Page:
So you’ve decided that is the year 2019 to buy a new Best Mountain Bikes Under 600 Dollars? Well, it’s definitely a good year because so many are available for such great prices. But which one do you choose? It’s not an easy decision, especially with all the jargon from manufacturers.
So, to make sure you don’t back a loser, I picked out a bike that I thought offered great value for money, and after reading this, you can decide for yourself whether it’s the Mountain Bike for you. This is the Diamondback Bicycles Overdrive Hard Tail Complete Mountain Bike Review.
Features of Diamondback Bicycles Overdrive Hard Tail Complete Mountain Bike
Best Mountain Bikes are intended for off-road use. The suspension system of Mountain Bike is an essential part. Bad Suspension will increase the weight of a bike, while absorbing very little shock, making it harder to steer with a bumpier ride.
With 100mm of travel, the SR Suntour XCT Suspension Fork on the Diamondback offers enough movement to relieve stress from the frame and delivers a comfy ride.
27.5 Inch Wheels
The great debate in best mountain biking at the moment is wheel size. The ideal wheel size was 26 inches, but bikers complained that these produced an uncomfortable ride.
So, recently we’ve started seeing 29-inch wheels hit the market, but although they offer smoothness, and many riders love them, they also weigh more making handling difficult.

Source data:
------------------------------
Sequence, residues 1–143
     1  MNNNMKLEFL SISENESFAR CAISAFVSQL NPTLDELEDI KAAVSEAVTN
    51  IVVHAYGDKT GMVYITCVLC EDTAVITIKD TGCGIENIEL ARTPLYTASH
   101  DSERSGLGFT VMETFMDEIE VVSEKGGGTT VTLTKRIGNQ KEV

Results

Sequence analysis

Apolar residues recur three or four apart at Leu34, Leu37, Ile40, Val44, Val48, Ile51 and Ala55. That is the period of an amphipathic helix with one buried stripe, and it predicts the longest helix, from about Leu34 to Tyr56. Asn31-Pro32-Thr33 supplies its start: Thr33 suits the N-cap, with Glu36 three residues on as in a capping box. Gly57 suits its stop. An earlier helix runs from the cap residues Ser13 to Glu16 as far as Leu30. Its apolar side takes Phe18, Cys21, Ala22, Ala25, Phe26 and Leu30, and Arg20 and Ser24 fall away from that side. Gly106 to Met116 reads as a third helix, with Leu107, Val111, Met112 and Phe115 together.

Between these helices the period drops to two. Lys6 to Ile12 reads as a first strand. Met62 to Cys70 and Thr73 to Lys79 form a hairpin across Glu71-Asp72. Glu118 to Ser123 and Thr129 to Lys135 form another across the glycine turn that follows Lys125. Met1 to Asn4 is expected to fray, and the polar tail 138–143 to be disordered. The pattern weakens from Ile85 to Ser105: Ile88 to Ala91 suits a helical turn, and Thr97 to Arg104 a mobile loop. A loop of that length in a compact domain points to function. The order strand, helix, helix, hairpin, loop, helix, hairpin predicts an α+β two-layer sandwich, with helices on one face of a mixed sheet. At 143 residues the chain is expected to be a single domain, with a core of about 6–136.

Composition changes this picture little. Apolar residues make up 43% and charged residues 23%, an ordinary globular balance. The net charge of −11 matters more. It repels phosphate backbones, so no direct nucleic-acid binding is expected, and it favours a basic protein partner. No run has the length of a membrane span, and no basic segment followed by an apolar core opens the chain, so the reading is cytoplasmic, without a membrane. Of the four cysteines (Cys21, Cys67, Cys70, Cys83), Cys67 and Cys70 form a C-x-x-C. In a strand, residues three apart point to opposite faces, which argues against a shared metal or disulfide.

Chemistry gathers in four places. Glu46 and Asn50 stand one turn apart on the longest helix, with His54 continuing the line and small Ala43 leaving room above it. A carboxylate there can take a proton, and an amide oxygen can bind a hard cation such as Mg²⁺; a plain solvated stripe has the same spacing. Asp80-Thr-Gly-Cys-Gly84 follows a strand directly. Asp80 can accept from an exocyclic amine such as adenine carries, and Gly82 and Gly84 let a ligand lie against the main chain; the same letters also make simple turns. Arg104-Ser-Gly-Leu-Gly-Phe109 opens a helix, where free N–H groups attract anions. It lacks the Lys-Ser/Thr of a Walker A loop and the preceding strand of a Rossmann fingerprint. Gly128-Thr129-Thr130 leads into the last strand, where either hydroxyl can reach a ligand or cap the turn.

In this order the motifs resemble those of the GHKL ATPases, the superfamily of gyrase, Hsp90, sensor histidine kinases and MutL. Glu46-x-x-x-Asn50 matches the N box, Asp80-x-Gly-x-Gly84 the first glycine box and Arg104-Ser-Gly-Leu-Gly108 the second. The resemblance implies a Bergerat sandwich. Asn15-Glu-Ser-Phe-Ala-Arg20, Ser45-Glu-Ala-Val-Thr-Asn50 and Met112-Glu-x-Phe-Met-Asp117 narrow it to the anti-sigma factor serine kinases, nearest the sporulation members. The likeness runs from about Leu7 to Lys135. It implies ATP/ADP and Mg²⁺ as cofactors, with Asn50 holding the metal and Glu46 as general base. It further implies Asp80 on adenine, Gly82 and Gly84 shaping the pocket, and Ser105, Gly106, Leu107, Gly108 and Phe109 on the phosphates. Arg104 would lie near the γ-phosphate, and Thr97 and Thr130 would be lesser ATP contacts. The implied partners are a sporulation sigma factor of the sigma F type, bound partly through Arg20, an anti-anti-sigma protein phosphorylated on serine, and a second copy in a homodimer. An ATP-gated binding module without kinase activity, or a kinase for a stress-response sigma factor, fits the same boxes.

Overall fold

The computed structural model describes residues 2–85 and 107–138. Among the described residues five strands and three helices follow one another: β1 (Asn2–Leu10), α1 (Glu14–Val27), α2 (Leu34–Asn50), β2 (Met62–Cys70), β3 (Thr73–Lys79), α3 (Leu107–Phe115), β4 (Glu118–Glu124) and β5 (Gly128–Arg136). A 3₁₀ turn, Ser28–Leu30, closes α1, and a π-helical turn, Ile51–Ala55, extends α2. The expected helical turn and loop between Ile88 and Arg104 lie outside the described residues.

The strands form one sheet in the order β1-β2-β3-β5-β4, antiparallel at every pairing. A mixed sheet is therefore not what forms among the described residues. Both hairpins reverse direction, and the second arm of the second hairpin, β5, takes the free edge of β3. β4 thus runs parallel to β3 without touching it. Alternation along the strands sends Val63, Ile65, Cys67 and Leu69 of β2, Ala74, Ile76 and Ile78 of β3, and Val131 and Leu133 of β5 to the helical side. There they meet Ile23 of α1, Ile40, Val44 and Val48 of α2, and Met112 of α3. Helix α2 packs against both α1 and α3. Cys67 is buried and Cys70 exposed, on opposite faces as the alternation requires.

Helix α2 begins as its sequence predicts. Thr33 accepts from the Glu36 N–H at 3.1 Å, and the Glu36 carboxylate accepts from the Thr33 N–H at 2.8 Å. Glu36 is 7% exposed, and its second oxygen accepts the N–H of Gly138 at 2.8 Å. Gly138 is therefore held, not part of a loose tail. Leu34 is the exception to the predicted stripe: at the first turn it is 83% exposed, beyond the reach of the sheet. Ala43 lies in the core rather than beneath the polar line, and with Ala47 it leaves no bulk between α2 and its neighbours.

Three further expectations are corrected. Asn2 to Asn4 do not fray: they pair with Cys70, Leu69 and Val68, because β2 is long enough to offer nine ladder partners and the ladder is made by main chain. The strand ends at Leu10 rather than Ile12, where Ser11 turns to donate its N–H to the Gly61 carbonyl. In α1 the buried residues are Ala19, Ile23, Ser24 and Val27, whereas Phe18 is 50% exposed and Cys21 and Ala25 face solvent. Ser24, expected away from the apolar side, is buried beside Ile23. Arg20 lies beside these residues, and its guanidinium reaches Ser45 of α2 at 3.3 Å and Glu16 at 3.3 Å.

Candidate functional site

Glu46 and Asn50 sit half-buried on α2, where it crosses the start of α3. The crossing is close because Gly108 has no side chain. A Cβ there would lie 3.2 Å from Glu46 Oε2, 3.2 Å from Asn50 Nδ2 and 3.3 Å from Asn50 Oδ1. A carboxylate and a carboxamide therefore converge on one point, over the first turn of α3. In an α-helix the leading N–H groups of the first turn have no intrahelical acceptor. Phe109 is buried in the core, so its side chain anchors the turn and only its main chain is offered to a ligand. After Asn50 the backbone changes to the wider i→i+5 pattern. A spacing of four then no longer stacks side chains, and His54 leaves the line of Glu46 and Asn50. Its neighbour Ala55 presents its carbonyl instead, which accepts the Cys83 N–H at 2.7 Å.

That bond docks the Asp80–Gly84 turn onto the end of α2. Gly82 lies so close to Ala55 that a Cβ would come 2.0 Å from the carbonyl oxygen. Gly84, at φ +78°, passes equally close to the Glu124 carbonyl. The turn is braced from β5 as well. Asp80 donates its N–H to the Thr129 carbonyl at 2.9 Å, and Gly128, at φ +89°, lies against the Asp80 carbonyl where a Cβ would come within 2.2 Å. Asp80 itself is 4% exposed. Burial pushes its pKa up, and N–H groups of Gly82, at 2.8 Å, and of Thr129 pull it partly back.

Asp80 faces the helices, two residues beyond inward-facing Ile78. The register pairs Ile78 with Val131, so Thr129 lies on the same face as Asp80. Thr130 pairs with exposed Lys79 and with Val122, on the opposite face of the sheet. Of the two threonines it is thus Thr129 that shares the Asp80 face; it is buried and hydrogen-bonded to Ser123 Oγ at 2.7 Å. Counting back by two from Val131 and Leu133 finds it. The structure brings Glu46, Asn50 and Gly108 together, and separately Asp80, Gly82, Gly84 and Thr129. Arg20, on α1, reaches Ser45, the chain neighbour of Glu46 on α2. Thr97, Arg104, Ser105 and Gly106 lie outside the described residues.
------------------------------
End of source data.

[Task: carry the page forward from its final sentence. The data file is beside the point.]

The solution was a compromise and at 27.5 inches you get the smoothness of 29 inches combined with the handling of a 26-inch bike. So, you get the best of both worlds, and I was happy to see the 27.5-inch wheels on the Diamondback Bicycle.
This is the industry standard, but the term ’24 Speeds’ has become confusing for some bikers. Some people think it means their bike has 24 different speeds to choose from.
Gears don’t work that way, so what it means is that you get three ranges of speed: slow, medium, and fast.
Overall I think it was a good decision to make the Diamondback is a 24 Speed bike because it’s the simplest operation available so that entry-level bike riders will enjoy easy navigation whether uphill or downhill.
Front And Rear Derailleurs
Now that I’ve explained speed, I’ll move onto something else that confuses buyers, especially new buyers.
When you read the manufacturer’s description of a mountain bike and get to the part about Derailleurs, you’re often confronted with an enormous amount of jargon that doesn’t make any sense.
Well, in reality, Derailleurs really aren’t that complicated, and they simply move the chain from one gear to another when you decide to change gear.
So, when you click the handlebars to change gear, the Derailleurs complete the action for you on the chain.
The best Derailleur systems have both front and rear derailleurs, which allow for a smooth transition between gears and these prevent those sharp jolts bikers hate.
If you need to change gear quickly when you see an uphill stretch, you’ll be able to do it on the Diamondback without any problems.
The Diamondback weighs only 30 pounds which is on the light side for a bike and this is what you’re looking for. The decision to go with 27.5-inch wheels helped keep the weight down, as did the use of aluminum on the frame.
Overall it’s a sturdy, lightweight bike that’s easy to handle, but I’d have liked a little more cushioning on the saddle.